Mac computers control 10 percent of the personal computer market. It’s easy to see why: Macs are easy to use, fast, powerful, and rarely go wrong. But are you getting the most out of your machine?
We’re all used to the polished user interface of Macs, but they can be quite restrictive. This is not a problem, it’s a feature, quite literally. It means that less advanced users are less likely to cause serious problems for themselves.
If you’re a power user, you need to know how to break free of these restrictions. The answer lies in Terminal. This powerful feature lets you do pretty much anything, dramatically improving your flexibility.
Once you get used to it, it’s quicker than using the UI too.
Ready to learn how to open Terminal on Mac? Want to be able to do anything and everything with your machine? Then read on!
What Is Terminal?
Terminal is the macOS’s equivalent to the Windows command prompt or Linux’s terminal. You can, therefore, define Terminal as a command-line interface.
The program takes your commands and then hands them on to the operating system. There is no graphical interface, which can slow them down.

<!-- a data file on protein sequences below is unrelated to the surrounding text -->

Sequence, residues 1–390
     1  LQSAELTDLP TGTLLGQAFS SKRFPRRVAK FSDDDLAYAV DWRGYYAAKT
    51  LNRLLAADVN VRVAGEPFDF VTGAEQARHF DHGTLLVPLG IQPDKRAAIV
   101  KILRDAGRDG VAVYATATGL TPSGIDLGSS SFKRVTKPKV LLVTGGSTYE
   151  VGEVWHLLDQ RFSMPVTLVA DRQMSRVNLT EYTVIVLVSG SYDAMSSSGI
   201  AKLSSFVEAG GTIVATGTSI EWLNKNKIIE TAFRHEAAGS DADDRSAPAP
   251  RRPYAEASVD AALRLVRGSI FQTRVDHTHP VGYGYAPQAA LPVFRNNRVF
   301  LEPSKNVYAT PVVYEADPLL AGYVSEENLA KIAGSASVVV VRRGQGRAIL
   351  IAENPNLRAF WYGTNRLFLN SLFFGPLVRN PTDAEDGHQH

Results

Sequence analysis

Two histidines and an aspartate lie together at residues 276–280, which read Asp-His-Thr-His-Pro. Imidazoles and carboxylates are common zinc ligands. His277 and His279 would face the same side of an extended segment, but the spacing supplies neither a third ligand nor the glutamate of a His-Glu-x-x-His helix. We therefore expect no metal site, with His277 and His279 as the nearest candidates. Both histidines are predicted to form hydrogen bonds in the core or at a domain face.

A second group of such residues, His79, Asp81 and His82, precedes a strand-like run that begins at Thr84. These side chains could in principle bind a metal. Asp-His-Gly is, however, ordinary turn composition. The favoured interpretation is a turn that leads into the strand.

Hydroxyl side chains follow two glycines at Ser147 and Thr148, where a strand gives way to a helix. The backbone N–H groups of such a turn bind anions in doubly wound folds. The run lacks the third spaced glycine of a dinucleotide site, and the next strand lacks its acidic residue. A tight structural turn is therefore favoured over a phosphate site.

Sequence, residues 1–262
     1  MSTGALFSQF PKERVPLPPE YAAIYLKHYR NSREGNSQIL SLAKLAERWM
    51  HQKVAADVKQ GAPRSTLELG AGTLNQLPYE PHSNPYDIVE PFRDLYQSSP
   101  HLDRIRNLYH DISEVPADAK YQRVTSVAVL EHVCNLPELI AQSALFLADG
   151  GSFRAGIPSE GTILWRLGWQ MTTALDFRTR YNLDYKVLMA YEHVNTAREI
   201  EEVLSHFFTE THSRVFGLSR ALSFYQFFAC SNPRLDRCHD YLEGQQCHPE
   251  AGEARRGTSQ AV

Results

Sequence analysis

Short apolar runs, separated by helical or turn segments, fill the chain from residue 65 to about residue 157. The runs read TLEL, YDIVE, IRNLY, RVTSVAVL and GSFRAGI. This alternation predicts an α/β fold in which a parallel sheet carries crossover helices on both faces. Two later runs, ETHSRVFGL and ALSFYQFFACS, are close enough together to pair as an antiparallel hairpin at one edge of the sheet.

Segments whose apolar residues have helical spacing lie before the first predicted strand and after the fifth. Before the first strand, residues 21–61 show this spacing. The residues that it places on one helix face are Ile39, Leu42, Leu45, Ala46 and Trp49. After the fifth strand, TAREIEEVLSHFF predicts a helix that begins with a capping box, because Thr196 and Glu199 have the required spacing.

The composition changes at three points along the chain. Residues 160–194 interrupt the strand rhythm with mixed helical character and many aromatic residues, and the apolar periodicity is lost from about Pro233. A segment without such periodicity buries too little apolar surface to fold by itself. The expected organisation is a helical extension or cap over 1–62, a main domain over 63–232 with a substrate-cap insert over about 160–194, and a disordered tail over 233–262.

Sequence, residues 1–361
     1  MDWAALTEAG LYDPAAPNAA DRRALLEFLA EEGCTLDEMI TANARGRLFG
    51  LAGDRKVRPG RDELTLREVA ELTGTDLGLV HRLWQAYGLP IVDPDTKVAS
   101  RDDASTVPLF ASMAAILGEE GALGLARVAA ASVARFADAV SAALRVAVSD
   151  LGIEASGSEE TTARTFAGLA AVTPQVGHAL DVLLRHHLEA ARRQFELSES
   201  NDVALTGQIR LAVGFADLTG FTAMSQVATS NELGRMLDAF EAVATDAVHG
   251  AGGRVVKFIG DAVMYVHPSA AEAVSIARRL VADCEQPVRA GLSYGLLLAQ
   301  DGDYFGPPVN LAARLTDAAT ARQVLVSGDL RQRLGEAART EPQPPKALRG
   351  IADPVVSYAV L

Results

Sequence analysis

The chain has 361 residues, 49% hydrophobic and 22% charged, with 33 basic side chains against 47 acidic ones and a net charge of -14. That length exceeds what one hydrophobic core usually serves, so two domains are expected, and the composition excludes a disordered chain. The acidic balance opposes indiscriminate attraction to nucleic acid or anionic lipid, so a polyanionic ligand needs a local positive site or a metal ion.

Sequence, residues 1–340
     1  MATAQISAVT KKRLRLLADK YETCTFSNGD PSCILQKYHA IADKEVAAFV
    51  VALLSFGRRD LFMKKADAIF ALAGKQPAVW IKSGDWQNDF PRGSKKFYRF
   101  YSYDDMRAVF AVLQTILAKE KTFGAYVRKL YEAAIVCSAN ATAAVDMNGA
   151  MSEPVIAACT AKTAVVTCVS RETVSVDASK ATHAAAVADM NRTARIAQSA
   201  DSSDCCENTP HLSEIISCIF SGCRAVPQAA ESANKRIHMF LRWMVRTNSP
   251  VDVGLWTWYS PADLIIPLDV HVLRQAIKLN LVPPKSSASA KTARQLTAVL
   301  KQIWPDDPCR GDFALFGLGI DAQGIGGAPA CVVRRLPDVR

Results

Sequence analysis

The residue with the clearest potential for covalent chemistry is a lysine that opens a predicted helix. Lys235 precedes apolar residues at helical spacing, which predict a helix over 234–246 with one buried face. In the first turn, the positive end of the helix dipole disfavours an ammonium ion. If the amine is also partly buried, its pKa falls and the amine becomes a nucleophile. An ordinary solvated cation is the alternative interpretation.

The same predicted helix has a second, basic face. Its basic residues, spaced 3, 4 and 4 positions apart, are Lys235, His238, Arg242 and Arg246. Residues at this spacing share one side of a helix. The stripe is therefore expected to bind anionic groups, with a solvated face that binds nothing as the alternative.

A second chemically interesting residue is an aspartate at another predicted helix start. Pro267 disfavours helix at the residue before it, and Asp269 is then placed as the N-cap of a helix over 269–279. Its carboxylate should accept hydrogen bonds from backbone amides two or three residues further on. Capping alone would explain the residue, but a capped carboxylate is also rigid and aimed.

All you have in front of you when using Terminal is a text interface. This is computing at its most basic. It is also computing at its most powerful.
How to Open Terminal on Mac
It’s easy to open Terminal on Mac. Open up the Applications menu and navigate to the Utilities folder. Double-click on Terminal.
If you’d prefer, you can also find and open Terminal with Spotlight.
The Terminal window will open and should show you some basic information. It will say “Bash,” your username, and the Terminal window’s dimensions. You can resize the window as you would any other.
Terminal has several neat features that make it slightly easier to use than other command-line interfaces. If you open up several Terminal windows, they’ll be given different background colors to tell them apart. You can also add bookmarks as you navigate, to make the whole process easier.
How to Navigate in Terminal
If you’ve never used a command-line interface before, it can be a little baffling. In this short section, we’re going to tell you how to navigate your way through Terminal’s mysteries.
The text on the left of the blinking prompt tells you what file directory you are currently in. Type in the command “ls” without the quotations, and you’ll see a list of files in the current directory.
You don’t want to be restricted to one file directory. To change directory, type in “cd” followed by the name of the folder we want to go to. Using the terminal is easier than you thought, right?
Now that you know the basics of navigation, it’s time to learn about parameters. These change the way a command is processed. For example, if you want to list all files in a directory, including hidden files, add “-a” after “ls.”